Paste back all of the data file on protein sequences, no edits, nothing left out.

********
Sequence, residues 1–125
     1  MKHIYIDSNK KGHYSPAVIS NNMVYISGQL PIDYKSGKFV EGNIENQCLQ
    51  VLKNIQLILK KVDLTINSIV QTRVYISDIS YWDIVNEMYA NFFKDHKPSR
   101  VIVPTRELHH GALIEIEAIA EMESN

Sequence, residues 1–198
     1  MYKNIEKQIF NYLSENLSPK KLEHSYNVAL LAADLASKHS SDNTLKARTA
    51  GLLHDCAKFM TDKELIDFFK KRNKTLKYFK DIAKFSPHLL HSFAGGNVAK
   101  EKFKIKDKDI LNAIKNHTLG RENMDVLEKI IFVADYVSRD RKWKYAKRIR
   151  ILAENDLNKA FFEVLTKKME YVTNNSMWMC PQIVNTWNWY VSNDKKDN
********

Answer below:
Sequence, residues 1–125
     1  MKHIYIDSNK KGHYSPAVIS NNMVYISGQL PIDYKSGKFV EGNIENQCLQ
    51  VLKNIQLILK KVDLTINSIV QTRVYISDIS YWDIVNEMYA NFFKDHKPSR
   101  VIVPTRELHH GALIEIEAIA EMESN

Sequence, residues 1–198
     1  MYKNIEKQIF NYLSENLSPK KLEHSYNVAL LAADLASKHS SDNTLKARTA
    51  GLLHDCAKFM TDKELIDFFK KRNKTLKYFK DIAKFSPHLL HSFAGGNVAK
   101  EKFKIKDKDI LNAIKNHTLG RENMDVLEKI IFVADYVSRD RKWKYAKRIR
   151  ILAENDLNKA FFEVLTKKME YVTNNSMWMC PQIVNTWNWY VSNDKKDN